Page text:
Science provides an explanation for why investors finance startups.

Science provides an explanation for why investors finance startups.

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You may recall the disastrous start-up WeWork that Adam Neumann co-founded. Due to the enormous and explicit losses that the creator inflicted on his investors in the fall of 2019, it has been seared into people's memories.

The businessman is back in the spotlight with a project for which he has already acquired at least 350 million dollars in funding, despite this very heavy pan (about 345 million euros).

Therefore, it is essential to think that in the "start-up nation," investments made in a project are more likely to be influenced by the creator's communication skills than by the product's potential for financial success.Because Silicon Valley business owners must give a presentation, often known as a "pitch," in order to secure funding.

Business Insider looked at several studies that help understand what differentiates a good pitch from a bad one. Spoiler alert: purely economic data, such as market size, plays only a minimal role in the decision to invest.

Zenia Kish is a professor at the University of Tulsa (Oklahoma). She explains that a pitch is a staging, and that the most important thing is to inspire confidence in potential investors.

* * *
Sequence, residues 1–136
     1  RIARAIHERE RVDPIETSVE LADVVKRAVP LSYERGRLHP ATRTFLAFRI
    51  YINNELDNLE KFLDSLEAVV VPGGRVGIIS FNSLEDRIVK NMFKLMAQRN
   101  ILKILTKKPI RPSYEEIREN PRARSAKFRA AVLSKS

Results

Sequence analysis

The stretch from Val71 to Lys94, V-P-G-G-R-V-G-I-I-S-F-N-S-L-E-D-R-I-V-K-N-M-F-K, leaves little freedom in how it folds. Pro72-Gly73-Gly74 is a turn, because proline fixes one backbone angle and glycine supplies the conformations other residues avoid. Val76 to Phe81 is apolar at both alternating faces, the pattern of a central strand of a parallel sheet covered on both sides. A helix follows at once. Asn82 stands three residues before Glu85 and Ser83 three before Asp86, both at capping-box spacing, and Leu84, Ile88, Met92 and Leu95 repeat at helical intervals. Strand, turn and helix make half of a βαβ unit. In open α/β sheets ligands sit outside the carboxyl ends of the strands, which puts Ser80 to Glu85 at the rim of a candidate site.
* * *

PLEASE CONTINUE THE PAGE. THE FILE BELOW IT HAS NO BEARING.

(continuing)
"That was one of the things that fascinated us the most during our research: how much personality and charisma were intentionally emphasized."​​​​​ The fact is that the more charisma a person and the confidence it inspires are valued, the less we dwell on the reality of the figures.

But then what are the factors that lead to blindly following someone? In 2008, researcher Colin Clark asked twenty-four investors to evaluate the pitches of three entrepreneurs and determine what convinced them.

It emerged that the economic data had practically no weight, but that what had seduced them were, among other things, the style and fluency of the entrepreneur. And that the most important criterion for them was his "passion".

Now, according to Clay Spinuzzi, professor of rhetoric at the University of Texas at Austin, this is a trap. “Performing passion is the key to a successful pitch. This is a problem, because a nervous speaker will tend to be less successful in this performance,” he explains.

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